The sweeping reforms in Meiji period society brought far reaching changes to the production and display of art. With the dissolution of the samurai class, traditional patterns of patronage gave way to new outlets. Metalworkers who had previously made sword fittings now turned their skill to making objects for no other purpose than aesthetic display. Art and craft began to be taught in colleges and art schools. World fairs such as the Vienna International Exposition of 1873 and the 1893 World's Columbian Exposition attracted large numbers of visitors and stimulated markets for Japanese works of art. In 1870, the Department for Industry (Kobusho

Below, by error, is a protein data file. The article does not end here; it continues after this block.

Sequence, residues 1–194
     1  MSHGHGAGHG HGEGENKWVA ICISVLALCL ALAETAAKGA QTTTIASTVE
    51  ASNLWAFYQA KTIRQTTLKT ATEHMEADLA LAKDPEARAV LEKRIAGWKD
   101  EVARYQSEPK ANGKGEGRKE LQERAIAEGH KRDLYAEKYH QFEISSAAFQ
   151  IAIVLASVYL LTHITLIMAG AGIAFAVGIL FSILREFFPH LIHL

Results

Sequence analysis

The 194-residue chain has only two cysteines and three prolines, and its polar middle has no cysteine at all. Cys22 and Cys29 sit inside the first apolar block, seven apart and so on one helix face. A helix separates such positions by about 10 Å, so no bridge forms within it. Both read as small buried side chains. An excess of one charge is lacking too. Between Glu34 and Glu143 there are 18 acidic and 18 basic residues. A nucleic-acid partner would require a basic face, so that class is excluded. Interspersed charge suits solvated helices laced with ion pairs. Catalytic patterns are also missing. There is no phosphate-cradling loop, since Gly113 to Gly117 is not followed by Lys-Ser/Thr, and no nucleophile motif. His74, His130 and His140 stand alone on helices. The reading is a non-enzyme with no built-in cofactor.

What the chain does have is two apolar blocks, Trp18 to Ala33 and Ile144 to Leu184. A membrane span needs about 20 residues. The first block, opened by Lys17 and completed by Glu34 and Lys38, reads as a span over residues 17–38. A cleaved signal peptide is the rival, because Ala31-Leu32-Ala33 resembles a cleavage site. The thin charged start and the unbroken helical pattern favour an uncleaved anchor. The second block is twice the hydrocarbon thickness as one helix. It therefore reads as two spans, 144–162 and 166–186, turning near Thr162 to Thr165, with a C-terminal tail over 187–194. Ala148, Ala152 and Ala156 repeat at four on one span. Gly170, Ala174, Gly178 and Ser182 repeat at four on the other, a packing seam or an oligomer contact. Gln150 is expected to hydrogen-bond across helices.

) was established to develop the arts for export, followed by the Tokyo School of Fine Arts in 1889. A new vogue for Western-style decor in the Victorian mode particularly seen in the domestic furnishings of the Imperial Household prompted Japanese artists and craftsmen to produce a new range of objects. Important screens such as this pair were among this.
Yasui Hochu (1857-1922) began to study lacquer in 1868 under Uematsu Homin (1846-1899). A contemporary of Shibata Zeshin (1807-1891) and the carver Ishikawa Komei (1852-1913), Yasui Hochu became an independent artist in 1878, working for the Seikosha and Kiryu Kosho Kaisha companies.
Yasui Hochu and Ishikawa Komei collaborated with other artists to make an important shodana [cabinet] decorated with deer, probably exhibited at the National Industrial Exhibition in 1890. He exhibited two works at the Japan-British Exhibition, London, in 1910. In 1920, Yasui Hochu participated in the decoration of the Meiji Shrine in Tokyo.